The best of them all—certainly the most affecting—may be the numbers featuring the matriarch of country music, “Mother” Maybelle Carter of the pioneering Carter Family. Her wavering pitch only increasing her expressiveness, and her unblemished guitar and autoharp bringing it all back to the music’s beginnings, Carter commands lovely versions of “Keep On The Sunny Side,” “Wildwood Flower,” and “I’m Thinking Tonight Of My Blue Eyes.” When she, Martin, and Acuff split the verses on “Will the Circle Be Unbroken”…well, there aren’t any words.

Recalling the impressive detail of the original album’s artwork and packaging, McEuen’s book boasts exceptional photographs of the 1971 recording sessions by the album’s ambidextrous producer, William E. McEuen—John’s brother, better known as Bill. Through their intimate nature, these pictures capture the rapport and spontaneity that characterize the historic encounter. McEuen’s comments on each of the tunes, combined with contributions from other Dirt Band members, paint a vivid—if maddeningly repetitive (did someone forget to invite an editor to the party?)—portrait of an intensely creative six-day session. But if it leads you back to the original album, the book has served its purpose.

Such unadorned performances spoke with a force and passion that the roots-influenced rock artists could only hint at in their own recordings.

McEuen and company bring the same humility and sense of awe to their recollections as they brought to Nashville fifty-one years before. There they were surrounded by musical royalty, heroes and heroines who had molded them; pop-music ego trips, it was certain, had no place in that studio. And it seems from everyone’s memories that these legends were equally gracious and committed. (This includes Nashville potentate Roy Acuff, who, once he overcame his initial reluctance to record with the longhairs from L.A., found his own firm place among the proceedings. The tale is well told—and succinctly—in the sixth episode of Ken Burns’s 2019 documentary, Country Music, which spotlights the historic recording session.) Bill McEuen’s inspired decision to keep snippets of studio patter embedded in the album catches the warmth and ease of the sessions. The exchange between Watson and Travis as they meet for the first time is as exalted as any music fan could wish for.

Eloquent short essays by Marty Stuart and Gary Scruggs (Earl’s eldest son) attest to the album’s impact on artists on both sides of the musical fence. For, as Stuart asserts, Nashville wasn’t exactly in the artistic purity business at the time. “As country artists, we are best when we’re at home with our natural selves,” Stuart writes. “The record shows that it has often been the fond gaze of notable people from outside the walls of country music who’ve recognized the beauty and relevance of what we often overlook or leave behind in search of more lucrative pastures. The kindness of strangers has often led us back home.” As he rightfully states, “everybody won.”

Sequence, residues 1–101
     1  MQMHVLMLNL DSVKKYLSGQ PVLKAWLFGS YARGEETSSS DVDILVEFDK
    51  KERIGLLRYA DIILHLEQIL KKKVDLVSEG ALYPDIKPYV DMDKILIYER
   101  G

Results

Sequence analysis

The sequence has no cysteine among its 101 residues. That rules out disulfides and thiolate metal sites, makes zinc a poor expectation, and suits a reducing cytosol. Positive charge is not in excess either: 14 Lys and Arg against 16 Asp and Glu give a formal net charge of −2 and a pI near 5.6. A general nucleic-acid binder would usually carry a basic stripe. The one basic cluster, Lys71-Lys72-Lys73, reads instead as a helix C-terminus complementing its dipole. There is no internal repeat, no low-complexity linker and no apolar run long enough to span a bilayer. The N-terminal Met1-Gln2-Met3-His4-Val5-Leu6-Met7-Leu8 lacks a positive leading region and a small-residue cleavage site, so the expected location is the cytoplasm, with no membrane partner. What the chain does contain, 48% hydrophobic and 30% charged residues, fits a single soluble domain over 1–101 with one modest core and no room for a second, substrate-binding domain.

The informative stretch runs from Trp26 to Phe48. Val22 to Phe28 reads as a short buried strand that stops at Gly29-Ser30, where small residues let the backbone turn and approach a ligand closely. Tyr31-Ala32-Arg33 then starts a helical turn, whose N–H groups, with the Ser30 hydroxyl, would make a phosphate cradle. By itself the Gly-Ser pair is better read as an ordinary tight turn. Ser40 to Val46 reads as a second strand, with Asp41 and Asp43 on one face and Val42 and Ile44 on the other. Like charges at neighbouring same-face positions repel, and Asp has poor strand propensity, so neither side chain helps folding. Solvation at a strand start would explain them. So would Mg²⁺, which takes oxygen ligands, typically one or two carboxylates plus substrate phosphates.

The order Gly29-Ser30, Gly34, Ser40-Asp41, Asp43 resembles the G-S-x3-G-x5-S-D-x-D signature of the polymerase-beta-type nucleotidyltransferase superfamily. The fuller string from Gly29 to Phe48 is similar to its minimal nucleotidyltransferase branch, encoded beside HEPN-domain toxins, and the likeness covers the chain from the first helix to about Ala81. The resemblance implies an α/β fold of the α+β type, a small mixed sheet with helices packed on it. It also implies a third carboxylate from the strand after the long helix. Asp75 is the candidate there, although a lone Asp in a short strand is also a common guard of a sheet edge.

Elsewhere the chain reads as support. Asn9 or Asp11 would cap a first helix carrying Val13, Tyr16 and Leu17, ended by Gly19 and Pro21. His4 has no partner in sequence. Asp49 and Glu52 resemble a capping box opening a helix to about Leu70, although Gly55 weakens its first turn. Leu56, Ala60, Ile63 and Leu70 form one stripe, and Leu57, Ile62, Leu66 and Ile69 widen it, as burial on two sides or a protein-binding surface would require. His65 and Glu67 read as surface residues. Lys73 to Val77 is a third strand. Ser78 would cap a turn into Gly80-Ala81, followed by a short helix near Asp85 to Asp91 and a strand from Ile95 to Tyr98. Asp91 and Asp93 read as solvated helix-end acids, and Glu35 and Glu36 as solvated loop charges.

Upon release, Will the Circle Be Unbroken was critically lauded (coverage in Rolling Stone magazine initially led me to it), and it sold well—ultimately going platinum. The best-selling soundtrack to the Coen brothers 2000 film, O Brother, Where Art Thou? echoes Circle in its inspired melding of contemporary artists and revered elder figures, cementing the then burgeoning Americana movement. Yet Will the Circle Be Unbroken should be seen as so much more than just a historically significant antecedent. In many ways the album acts as an addendum to the first two epochal albums by The Band: 1968’s Music From Big Pink and 1969’s The Band, as well as Dylan’s Nashville Skyline from that same year. These were recordings, made during the height of the Vietnam War, amid intense generational and racial divisions, that suggested a tentative rapprochement between youth culture and established traditions, or at the very least an acknowledgement of collective American roots—albeit from a strictly white perspective.

The Nitty Gritty Dirt Band put these ideas into practice. They may not now have accrued the hip cachet of, say, a Grateful Dead or a Gram Parsons, but these eager and willing cultural adventurers deserve a collective pat on the back, as do their illustrious and equally committed guests. Fifty years on, Will the Circle Be Unbroken remains timeless and instructive, especially in our current period, riven with seemingly intractable dissenting voices. While it will take a lot more to cool down the nation than singing an old country song in harmony, it might not hurt. As John McEuen recalls of those enchanted sessions: “It would be music to the ears of thousands of folks out there, a salve for the soul, a coming together of the ages, in a space where time stood still, with no agenda other than ‘get it right the first time.’” They did.

Will the Circle Be Unbroken
The Making of a Landmark Album

John McEuen; photographs by William E. McEuen
Backbeat Books
$38.99 | 264 pp.

Steve Futterman has written about jazz for The New York Times, The Washington Post, and Rolling Stone and for the past three decades has contributed the weekly "Jazz and Standards" listings for the New Yorker.

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Published in the November 2022 issue: View Contents